Here at adjust we use Redis as a fast in memory key-value data store. Today I want to show you how we are clustering Redis.
As adeven’s primary “tech support”, I’d like to discourage call-center connotations and phrases like “turn it off; turn it on again” from rolling off your tongue. We’re a lean, mean startup, and our internal tools for troubleshooting are called
Alright guys, as you all already know, Rails is dead or at least dying. It’s slow, it’s vulnerable and it does not scale, which is a huge disadvantage for your next gen social dating service with geolocation and badges. Today we will play rats abandoning a sinking ship of Ruby on Rails and learn how to handle a session created by a Rails application. I’m going to talk about web apps that use Rails 4.0.0 or greater, because even my grandmother can fake an authorization stored in a Base64 encoded cookie (and remember, if you don’t keep your app up-to-date, you will be eaten) very soon.
In my last article I talked about how redismq employs a simple Redis client to describe a message queue. The first iteration was aimed at proof of concept and to satisfy my own curiosity. Since then adeven decided to use it in production and so we developed the initial idea into a full featured queue.
On the way we picked up a lot of interesting stuff which I’d like to share with you.
Rport is an R package that greatly facilitates common tasks found in many R Business Intelligence apps. It bridges R and SQL analytics similarly to how Rails bridges Ruby and Web Development.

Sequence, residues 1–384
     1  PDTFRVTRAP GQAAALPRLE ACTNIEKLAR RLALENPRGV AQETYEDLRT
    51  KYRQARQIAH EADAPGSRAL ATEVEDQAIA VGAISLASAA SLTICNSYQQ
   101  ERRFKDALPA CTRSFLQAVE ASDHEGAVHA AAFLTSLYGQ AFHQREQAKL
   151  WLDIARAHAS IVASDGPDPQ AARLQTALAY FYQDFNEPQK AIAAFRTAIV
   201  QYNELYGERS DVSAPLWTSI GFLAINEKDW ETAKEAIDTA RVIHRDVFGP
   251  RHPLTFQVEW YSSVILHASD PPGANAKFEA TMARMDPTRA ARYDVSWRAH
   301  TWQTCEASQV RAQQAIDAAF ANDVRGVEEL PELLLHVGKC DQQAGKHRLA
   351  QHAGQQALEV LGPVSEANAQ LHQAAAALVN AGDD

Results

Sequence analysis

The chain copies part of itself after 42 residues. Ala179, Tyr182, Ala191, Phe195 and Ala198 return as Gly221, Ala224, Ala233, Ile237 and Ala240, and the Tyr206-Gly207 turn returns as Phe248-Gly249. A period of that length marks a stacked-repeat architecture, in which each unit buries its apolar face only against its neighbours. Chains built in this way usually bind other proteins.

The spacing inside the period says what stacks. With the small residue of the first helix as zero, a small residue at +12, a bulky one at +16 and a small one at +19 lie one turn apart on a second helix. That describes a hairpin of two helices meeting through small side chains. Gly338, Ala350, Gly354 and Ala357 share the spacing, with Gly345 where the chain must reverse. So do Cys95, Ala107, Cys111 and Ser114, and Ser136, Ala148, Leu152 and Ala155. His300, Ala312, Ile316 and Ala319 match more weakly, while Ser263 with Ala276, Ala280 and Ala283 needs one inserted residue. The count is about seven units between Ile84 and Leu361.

Understanding query locking is key to using postgres concurrently. So let’s look at an example to learn more about how locking works and how to see what’s going on within your database.
Golang is a young language that tries to make many things better than the “ancient” languages. It almost reaches the speed of C without the need of your own memory management. Also it respects modern patterns and makes writing concurrent programs easier than most other languages. But the strict model of Go has disadvantages when it comes to resolving third party dependencies and managing different branches of your Go project. Goem tries to fix this issues.
Redis is not just a very good in-memory database, it can also double as a message queue. I want to show you our first shot at implementing a queue in Redis that can fulfill all our requirements: reliable, persistent, fast, monitorable. While still being a Gedankenexperiment the basic idea should be a very good starting point.
When it comes to recurring billing there is a bewilderment of services available: Recurly.com, Chargify.com, Spreedly.com, CheddarGetter.com, and so on. Each has pros and cons, but our billing needs were a bit involved, and since we couldn’t find a service that seemed to be a perfect match we decided to create our own system, using Braintree as our credit card payment processor.
Full disclosure, it did end up being quite complicated, and for those with simpler needs it is certainly worth investigating any of the above - Braintree even has its own simple recurring billing system built in. However, we’ve now got a system we’re confident in, which is super easy to customize as our needs mature, over which we have full control, and which will never go out of business on us or suffer downtime or start charging us more or…you get the idea.
This isn’t so much a guide as a collection of stuff that we figured out along the way. It may be useful for you if you are considering taking the plunge yourself.
If you often write postgres functions you should be familiar with the STABLE and STRICT attributes to optimize them for the postgres query planer.